People who are granted leave to remain on the basis of their family or private life in the UK will have the 'no recourse to public funds' (NRPF) condition imposed unless they can demonstrate that they would be destitute or at imminent risk of destitution without access to benefits or housing assistance.
A person who has leave to remain that is subject to the NRPF condition has permission to work but will be unable to claim most benefits, including universal credit, tax credits and child benefit. Their children may not qualify for some government funded childcare schemes. In some instances, councils may be required to provide accommodation and financial support to families or adults with care needs when social services’ duties are engaged. Imposing the NRPF condition, the use of the 10-year settlement route (requiring applications for leave to remain to be made every 2.5 years at a cost of £2033 per person), and the lack of legal aid for immigration matters, are all policies that can cause destitution and homelessness, and impede the integration of children and adults whose future is in the UK.
The change of conditions process allows for people with leave to remain granted on family or private life routes to apply to the Home Office to have the condition removed if they can provide sufficient evidence that they are destitute or at imminent risk of destitution. However, this does not apply to all categories of leave to remain, it forces people onto the insecure 10-year settlement route when they were not already on this, and may not be easily accessed when a person is unable to get free legal advice.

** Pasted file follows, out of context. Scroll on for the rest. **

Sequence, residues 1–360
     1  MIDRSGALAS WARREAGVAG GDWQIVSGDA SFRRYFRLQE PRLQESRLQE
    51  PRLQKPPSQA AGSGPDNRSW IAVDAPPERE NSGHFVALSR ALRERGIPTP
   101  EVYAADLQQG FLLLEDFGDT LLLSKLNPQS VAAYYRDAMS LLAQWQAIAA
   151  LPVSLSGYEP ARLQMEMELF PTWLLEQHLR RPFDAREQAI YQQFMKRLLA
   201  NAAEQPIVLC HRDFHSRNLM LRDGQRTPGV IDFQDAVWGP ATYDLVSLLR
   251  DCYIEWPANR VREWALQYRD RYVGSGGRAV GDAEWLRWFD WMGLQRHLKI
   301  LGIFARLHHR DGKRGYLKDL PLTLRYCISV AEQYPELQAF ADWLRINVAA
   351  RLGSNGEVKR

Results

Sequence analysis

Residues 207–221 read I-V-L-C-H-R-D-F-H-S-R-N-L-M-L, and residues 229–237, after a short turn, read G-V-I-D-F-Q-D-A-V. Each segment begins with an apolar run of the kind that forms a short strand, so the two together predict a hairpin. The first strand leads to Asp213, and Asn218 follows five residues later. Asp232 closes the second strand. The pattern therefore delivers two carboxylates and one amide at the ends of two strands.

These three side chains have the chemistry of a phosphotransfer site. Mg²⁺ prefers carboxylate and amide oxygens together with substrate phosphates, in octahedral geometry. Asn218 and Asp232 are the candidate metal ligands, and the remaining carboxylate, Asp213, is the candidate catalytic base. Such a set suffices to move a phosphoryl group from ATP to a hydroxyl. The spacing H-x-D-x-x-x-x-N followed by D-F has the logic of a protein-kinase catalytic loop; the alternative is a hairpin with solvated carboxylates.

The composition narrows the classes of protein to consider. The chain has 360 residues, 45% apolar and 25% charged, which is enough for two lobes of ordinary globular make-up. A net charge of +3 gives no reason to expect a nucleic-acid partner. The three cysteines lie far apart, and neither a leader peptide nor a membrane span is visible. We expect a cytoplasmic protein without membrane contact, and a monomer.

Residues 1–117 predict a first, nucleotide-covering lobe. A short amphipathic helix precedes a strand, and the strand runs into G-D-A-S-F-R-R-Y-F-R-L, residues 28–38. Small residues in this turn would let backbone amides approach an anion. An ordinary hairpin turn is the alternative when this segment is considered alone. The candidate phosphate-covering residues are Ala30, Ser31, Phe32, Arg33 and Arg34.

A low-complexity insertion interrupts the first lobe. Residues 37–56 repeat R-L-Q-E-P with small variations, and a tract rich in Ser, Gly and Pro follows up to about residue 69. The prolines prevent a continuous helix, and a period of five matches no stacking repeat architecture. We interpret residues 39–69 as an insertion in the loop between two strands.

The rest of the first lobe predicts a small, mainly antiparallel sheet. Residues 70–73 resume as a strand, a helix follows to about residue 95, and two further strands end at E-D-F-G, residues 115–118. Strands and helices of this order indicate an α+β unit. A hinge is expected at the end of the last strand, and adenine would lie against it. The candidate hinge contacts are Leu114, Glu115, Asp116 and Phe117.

The economic impacts of the Covid-19 pandemic have affected people with NRPF who have other types of leave to remain, including international students and people who have Tier 1 or Tier 2 work visas. All are unable to rely on the benefit safety-net following a loss of income.
Recommendations for the Government:
Since 2014, have been working with the Home Office at an operational and policy level to ensure that people being supported by councils do not have the NRPF condition imposed when they are granted leave to remain.
We have also worked with the Children’s Society to raise the political profile of this issue by holding a roundtable in Parliament in 2017. We have subsequently submitted evidence various inquiries and consultations.
In 2018 the All Party Parliamentary Group for ending homelessness recommended that the NRPF condition is not imposed on people with children under 18 and some other groups. Calls have been made for a wider, but temporary, suspension during the Covid-19 pandemic.
All Party Parliamentary Group for ending homelessness: